Ferreiro L.,Complejo Hospitalario Clinico Universitario Of Santiago | San Jose E.,Complejo Hospitalario Clinico Universitario Of Santiago | San Jose E.,Institute Investigaciones Sanitarias Of Santiago Idis | Valdes L.,Institute Investigaciones Sanitarias Of Santiago Idis
Archivos de Bronconeumologia | Year: 2014

Tuberculous pleural effusion (TBPE) is the most common form of extrapulmonary tuberculosis (TB) in Spain, and is one of the most frequent causes of pleural effusion. Although the incidence has steadily declined (4.8 cases/100. 000 population in 2009), the percentage of TBPE remains steady with respect to the total number of TB cases (14.3%-19.3%). Almost two thirds are men, more than 60% are aged between 15 and 44. years, and it is more common in patients with human immunodeficiency virus. The pathogenesis is usually a delayed hypersensitivity reaction. Symptoms vary depending on the population (more acute in young people and more prolonged in the elderly). The effusion is almost invariably a unilateral exudate (according to Light's criteria), more often on the right side, and the tuberculin test is negative in one third of cases.There are limitations in making a definitive diagnosis, so various pleural fluid biomarkers have been used for this. The combination of adenosine deaminase and lymphocyte percentage may be useful in this respect. Treatment is the same as for any TB. The addition of corticosteroids is not advisable, and chest drainage could help to improve symptoms more rapidly in large effusions. El derrame pleural tuberculoso (DPTB) es la causa más frecuente de tuberculosis (TB) extrapulmonar en nuestro país y uno de los motivos más habituales de derrame pleural. Si bien la incidencia disminuye progresivamente (4,8 casos/100.000 habitantes en el año 2009), el porcentaje de DPTB se mantiene estable con respecto al número de casos totales de TB (14,3-19,3%). Casi las dos terceras partes son hombres, más del 60% tienen edades entre los 15-44. años y es más frecuente en los pacientes infectados por el virus de la inmunodeficiencia humana. La patogenia suele ser una reacción de hipersensibilidad retardada. La clínica varía dependiendo de la población (más aguda en los jóvenes y más prolongada en los ancianos). El derrame es casi invariablemente un exudado unilateral (según los criterios de Light), más frecuentemente del lado derecho, y la prueba de la tuberculina es negativa en la tercera parte de los casos.Los diagnósticos de certeza tienen limitaciones, por lo que para ello se han utilizado diversos biomarcadores en el líquido pleural. La asociación de la adenosina desaminasa y del porcentaje de linfocitos puede ser útil para el diagnóstico. El tratamiento es el de cualquier TB. No parece recomendable añadir corticoides y el drenaje torácico podría contribuir, en los grandes derrames, a una mejoría más rápida de los síntomas. © 2013 SEPAR. Source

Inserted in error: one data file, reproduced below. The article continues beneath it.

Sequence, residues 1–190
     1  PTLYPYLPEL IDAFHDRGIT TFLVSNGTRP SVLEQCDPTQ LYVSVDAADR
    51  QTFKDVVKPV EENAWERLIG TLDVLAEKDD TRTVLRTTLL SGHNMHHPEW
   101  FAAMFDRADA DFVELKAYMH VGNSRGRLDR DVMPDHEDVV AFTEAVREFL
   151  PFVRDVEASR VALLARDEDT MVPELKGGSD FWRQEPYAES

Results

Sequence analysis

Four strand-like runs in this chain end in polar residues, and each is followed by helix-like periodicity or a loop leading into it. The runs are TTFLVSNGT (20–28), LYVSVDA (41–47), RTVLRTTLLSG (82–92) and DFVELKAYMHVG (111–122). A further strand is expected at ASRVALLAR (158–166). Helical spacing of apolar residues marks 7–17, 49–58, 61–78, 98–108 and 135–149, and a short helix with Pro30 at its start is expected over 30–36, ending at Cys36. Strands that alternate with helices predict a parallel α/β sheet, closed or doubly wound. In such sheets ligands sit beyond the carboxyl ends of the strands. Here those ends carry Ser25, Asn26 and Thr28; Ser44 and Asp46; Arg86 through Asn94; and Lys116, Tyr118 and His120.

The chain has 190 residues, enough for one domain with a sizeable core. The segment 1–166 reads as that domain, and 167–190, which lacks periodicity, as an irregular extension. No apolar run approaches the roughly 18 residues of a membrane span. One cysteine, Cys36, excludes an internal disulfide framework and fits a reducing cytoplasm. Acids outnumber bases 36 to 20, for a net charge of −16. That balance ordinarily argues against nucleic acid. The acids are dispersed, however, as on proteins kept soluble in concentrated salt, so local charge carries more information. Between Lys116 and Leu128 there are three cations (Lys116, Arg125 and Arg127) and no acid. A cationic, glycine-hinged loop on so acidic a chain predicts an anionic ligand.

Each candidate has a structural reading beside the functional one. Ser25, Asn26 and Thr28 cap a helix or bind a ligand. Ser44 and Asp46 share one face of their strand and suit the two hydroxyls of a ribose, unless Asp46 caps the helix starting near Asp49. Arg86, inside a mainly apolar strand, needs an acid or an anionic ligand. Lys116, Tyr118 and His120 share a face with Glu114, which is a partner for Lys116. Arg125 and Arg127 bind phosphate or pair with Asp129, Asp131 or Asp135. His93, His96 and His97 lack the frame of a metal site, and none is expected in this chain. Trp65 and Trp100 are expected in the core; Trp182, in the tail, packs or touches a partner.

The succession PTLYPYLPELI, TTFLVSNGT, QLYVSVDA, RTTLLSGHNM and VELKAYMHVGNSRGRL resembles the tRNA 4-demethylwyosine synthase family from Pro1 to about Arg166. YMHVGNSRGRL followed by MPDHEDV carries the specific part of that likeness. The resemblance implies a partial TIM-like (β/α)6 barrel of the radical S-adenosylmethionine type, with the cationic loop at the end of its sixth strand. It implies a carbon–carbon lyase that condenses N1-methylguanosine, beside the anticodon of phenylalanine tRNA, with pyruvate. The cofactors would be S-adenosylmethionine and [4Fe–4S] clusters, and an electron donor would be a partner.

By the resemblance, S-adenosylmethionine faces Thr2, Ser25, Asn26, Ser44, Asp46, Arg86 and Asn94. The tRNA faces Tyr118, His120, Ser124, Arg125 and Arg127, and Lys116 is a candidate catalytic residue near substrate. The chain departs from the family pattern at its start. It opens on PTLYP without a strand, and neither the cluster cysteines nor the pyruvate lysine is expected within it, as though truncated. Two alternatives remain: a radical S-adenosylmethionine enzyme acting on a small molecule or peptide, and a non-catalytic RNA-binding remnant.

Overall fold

Ferreiro L.,Complejo Hospitalario Clinico Universitario Of Santiago | San Jose E.,Complejo Hospitalario Clinico Universitario Of Santiago | San Jose E.,Institute Investigaciones Sanitarias Of Santiago Idis | Gonzalez-Barcala F.J.,Complejo Hospitalario Clinico Universitario Of Santiago | And 5 more authors.
Archivos de Bronconeumologia | Year: 2014